A Review of A Court of Mist and Fury with a Reflection on Re-Reading Books
(Spoilers from A Court of Thorns and Roses)
So I’m one of those people who creates rules for themselves: can’t watch a tv show out of order, can’t start a movie in the middle, can’t have an appetizer after dinner, and so on and so forth. I also have rules when it comes to reading books, one of my top rules is that I am not allowed to re-read a book right after I finish it. In other words no ending the last sentence and then flipping to the beginning again.
I came up with this rule around 2003 when Harry Potter and the Order of the Phoenix came out. I listened to the end of that book (it was on a real cassette tape, believe it or not) over and over again, until I could think of nothing else. My mind was full of the Department of Mystery and (Spoiler!) Sirius Black’s death. I cried over and over again. Some how I had become addicted to the pain of losing him. So I created a rule to never re-read a book until I’ve read a few other books in between to keep my mind from falling apart.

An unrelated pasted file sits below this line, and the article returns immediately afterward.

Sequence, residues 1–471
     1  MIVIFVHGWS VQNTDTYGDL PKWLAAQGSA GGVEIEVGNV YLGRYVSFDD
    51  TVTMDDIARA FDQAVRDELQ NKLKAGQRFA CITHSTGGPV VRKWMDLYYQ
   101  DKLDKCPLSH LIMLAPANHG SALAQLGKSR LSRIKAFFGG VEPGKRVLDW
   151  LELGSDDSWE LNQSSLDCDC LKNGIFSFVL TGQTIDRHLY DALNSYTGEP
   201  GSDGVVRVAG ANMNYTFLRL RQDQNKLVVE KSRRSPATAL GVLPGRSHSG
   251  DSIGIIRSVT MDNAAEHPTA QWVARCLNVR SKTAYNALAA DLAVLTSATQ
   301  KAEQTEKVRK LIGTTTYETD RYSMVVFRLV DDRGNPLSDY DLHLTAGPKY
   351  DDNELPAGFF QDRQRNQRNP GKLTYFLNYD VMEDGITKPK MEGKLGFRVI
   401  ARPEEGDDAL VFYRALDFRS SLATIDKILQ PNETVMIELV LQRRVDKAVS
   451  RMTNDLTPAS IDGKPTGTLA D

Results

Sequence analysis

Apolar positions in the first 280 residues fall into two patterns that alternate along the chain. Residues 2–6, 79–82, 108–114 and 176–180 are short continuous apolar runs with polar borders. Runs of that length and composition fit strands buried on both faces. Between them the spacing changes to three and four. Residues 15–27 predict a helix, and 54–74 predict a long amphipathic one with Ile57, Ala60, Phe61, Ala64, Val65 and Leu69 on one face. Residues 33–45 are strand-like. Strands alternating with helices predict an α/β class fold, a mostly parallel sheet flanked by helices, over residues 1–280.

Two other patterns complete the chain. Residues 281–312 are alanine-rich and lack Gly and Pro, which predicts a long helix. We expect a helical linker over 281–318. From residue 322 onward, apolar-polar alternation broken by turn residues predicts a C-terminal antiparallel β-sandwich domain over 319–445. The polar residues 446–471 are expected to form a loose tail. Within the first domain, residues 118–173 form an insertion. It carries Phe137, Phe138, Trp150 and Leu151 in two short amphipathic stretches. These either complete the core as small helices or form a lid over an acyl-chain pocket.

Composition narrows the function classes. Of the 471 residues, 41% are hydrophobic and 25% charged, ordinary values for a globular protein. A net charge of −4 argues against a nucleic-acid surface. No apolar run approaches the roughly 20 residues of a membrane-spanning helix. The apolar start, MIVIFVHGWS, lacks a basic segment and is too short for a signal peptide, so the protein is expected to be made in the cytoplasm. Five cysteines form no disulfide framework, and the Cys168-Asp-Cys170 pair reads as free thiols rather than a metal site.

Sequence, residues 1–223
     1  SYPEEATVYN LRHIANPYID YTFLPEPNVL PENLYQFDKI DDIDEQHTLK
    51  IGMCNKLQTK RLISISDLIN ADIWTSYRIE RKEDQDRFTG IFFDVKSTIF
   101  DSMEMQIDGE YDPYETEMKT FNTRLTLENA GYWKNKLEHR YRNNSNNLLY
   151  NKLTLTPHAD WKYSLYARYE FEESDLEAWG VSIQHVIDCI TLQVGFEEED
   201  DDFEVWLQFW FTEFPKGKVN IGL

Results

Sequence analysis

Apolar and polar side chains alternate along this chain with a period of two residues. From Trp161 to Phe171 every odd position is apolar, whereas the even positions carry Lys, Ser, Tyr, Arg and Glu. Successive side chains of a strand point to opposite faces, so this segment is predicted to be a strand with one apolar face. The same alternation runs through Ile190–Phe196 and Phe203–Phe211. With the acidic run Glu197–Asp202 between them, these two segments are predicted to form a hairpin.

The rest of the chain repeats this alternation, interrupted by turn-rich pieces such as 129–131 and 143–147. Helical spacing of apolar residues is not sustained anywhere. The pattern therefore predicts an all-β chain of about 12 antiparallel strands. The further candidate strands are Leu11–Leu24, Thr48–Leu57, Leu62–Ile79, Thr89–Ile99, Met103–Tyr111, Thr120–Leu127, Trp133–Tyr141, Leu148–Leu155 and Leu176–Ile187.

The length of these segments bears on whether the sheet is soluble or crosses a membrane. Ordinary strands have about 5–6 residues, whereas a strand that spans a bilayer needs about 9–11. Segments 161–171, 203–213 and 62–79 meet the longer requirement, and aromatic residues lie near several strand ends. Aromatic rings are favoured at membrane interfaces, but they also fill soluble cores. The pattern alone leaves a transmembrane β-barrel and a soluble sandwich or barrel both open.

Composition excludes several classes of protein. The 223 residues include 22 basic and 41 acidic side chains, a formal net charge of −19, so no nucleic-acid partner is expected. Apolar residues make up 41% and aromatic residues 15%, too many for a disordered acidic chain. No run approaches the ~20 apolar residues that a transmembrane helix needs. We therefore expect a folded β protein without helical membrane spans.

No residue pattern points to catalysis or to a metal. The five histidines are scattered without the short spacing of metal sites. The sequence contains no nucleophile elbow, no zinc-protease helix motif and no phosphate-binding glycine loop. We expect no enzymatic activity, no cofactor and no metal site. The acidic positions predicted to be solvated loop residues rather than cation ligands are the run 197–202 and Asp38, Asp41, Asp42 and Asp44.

A Court of Mist and Fury is testing me on this rule. I bought it right when the doors opened to Barnes & Nobles on Tuesday. I read it, all 600 pages, that day. I could barely think about food or bodily functions, all I could think about was the story. It consumed me. When the end came, such a good ending by the way, I was squealing out loud and scaring the heck out of my cat. I had so much energy I wanted to run and jump and scream and holler. But it was midnight and I couldn’t do any of those things. So I went to bed dreaming of the story that had just devoured me whole. I woke up and the only thing I wanted to do was read it again. A book has never come this close to owning my mind for 13 years.
Sarah J. Maas is a master wordsmith, world builder, and character creator. We pick up three months after A Court of Thorns and Roses ended. Feyre and Tamlin are about to be married and there is hustle and bustle about making the perfect wedding come true. The only dark cloud is that pesky deal with Rhysand looming over them. He hasn’t come to collect yet, and Feyre is hoping against hope that he won’t. But what kind of story would that be?
We are introduced to a lot of new characters, most of them central in the Night Court, but we also meet some from other courts as well. The tension is nicely built, character histories are reveled in good time, and action is non-stop. I can’t say enough nice things about this book. Go read it for yourselves! Now! Tell me what you think in the comments.
A Court of Mist and Fury is out now